by Kent Sterling
Iowa Basketball Coach Fran McCaffery earned two technicals after an ill-tempered eruption because of a series of calls and non-calls during what wound up as a four-point loss to undefeated Wisconsin. Big deal that it cost the Hawkeye four points, not that McCaffery might have hurt the feelings of a referee or the delicate sensitivities of fans.
Something is wrong with society when the boss of a college basketball coach who just lost a big game feels compelled to issue a press release re-stating his staff’s allegiance to the Big Ten Conference’s code of sportsmanship after an ejection for yelling at an official.
“I’ve met with Coach McCaffery regarding last night’s ejection from the game in Madison. He knows he crossed a line of acceptable behavior and accepts responsibility for his actions,” Iowa Athletic Director Gary Barta said in a sanctimonious declaration of good manners.
“All staff at the University of Iowa fully support the Big Ten Conference’s sportsmanship policy’s fundamental elements, including civility and respect toward opponents and game officials. Fran has my full support moving forward.”
Since when is civility guaranteed in life, and at what point did we decide it’s worth admonishing a coach trusted to lead young men into adulthood?
I don’t know when being unerringly polite became the only acceptable way to live and behave, but it trumps the desire to succeed. It’s no longer as important to succeed as it is to say please and thank you.
Many companies would rather employ a dolt who never offends rather than someone who gets the job done well while grimacing.
Disagreements used to be a big part of the process in crafting a successful business plan. Through spirited debate, creative answers that would have remained buried are uncovered. Not so much anymore as adherence to the code of conduct is at the foundation of many corporate philosophies, and inoffensiveness has become our civilization most prized behavior.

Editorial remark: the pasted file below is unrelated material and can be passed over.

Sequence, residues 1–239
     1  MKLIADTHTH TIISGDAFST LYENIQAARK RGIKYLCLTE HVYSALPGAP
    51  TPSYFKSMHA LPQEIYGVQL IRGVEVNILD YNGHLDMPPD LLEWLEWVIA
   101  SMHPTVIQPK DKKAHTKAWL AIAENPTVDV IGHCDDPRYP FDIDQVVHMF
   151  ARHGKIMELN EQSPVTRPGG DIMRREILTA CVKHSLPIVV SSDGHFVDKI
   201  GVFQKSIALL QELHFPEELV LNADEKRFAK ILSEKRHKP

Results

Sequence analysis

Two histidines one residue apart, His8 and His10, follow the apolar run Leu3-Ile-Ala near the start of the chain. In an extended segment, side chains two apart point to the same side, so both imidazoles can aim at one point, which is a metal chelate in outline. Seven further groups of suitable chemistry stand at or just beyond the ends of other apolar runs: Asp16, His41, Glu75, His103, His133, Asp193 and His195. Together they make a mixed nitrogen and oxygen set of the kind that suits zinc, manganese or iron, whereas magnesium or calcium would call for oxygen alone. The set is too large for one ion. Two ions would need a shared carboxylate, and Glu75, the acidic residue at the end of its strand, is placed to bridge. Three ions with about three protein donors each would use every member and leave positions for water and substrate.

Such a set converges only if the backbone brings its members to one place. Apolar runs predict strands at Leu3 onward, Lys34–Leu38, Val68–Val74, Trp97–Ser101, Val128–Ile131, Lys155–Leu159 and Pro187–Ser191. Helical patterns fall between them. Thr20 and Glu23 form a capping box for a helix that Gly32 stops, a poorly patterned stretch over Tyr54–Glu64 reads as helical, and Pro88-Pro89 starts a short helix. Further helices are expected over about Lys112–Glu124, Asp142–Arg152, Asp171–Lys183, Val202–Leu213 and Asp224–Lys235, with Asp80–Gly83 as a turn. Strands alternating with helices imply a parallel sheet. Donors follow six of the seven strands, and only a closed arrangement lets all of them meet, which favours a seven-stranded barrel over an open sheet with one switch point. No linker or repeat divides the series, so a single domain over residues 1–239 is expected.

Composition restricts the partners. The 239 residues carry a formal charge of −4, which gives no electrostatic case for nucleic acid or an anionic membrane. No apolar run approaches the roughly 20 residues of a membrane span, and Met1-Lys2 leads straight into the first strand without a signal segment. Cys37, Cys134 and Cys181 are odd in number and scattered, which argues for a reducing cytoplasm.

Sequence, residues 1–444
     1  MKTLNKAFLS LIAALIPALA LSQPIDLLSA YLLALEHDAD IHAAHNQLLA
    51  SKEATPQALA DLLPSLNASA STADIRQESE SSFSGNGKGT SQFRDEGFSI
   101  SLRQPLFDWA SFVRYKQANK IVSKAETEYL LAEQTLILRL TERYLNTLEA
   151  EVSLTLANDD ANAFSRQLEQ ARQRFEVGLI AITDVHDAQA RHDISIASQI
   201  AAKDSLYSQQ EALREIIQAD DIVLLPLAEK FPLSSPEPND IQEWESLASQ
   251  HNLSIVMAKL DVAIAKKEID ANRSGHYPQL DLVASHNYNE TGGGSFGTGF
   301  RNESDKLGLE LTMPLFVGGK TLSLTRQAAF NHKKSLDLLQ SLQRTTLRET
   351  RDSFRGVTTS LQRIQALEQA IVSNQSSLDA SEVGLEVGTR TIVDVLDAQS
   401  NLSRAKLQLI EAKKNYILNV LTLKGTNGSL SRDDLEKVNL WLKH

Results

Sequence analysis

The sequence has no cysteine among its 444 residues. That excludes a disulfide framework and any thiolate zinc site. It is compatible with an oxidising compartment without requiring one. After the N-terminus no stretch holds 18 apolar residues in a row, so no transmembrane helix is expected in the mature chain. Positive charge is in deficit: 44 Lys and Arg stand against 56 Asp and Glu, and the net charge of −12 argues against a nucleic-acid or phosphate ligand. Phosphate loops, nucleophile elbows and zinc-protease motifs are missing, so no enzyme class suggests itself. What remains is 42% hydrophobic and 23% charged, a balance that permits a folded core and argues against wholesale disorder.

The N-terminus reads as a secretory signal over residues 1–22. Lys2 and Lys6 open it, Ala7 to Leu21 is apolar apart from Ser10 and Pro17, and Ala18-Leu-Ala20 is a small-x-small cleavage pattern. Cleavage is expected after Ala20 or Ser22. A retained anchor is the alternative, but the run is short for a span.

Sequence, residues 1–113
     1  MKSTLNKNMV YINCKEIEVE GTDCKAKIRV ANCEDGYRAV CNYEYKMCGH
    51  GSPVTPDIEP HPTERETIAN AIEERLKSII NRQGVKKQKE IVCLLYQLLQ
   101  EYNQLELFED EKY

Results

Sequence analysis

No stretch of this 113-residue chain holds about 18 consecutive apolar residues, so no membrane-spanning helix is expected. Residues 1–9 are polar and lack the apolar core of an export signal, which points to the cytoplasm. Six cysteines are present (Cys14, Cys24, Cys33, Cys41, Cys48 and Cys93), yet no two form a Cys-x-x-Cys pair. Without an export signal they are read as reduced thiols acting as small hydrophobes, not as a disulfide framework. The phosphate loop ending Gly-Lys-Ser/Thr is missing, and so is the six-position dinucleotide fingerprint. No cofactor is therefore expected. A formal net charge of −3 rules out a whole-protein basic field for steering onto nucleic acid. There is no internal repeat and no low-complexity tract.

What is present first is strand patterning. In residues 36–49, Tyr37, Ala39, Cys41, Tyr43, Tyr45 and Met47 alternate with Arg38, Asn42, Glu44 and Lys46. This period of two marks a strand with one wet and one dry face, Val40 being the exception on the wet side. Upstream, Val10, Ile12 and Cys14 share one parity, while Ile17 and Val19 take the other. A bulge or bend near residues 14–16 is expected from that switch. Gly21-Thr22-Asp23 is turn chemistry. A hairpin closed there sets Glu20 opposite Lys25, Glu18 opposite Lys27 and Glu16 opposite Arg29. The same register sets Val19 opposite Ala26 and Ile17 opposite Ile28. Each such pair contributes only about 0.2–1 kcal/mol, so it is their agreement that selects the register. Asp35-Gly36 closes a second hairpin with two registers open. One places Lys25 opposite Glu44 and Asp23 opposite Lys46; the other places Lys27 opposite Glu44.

McCaffery gets pissed off, vents, and is tossed from the game. That’s not enough punishment. No, no. The busybody of an AD feels compelled to share his thoughts with the world too, but at the end states his support moving forward.
That there would ever be a question about supporting a coach who has resurrected what had become a pathetic excuse for a Big Ten program should be the focus of everything written about this benign episode. Steve Alford left with the cupboard bare. Todd Lickliter was never able to restock the shelves. McCaffery got Iowa rolling, and after he vents his spleen, the AD yelps to the media about civility.
If there was a reason to blister McCaffery’s ass over blowing up, it was for the four made foul shots that were the award to Wisconsin as a result. It’s impossible to state with any certainty that the four points were definitively the difference in the 75-71 game, but Iowa led 41-39 at the time for the two technical fouls, and were behind 43-41 after the foul foul shots. Wisconsin never lost that lead.
If Barta wants to get worked up over something, losing a winnable game against the fourth ranked team in America is the place to start, not some manifesto on good manners.
This episode would be hilarious if it were an outlier, but Barta’s whiny proclamation is endemic of the ‘style over substance’ focus of the new millennium.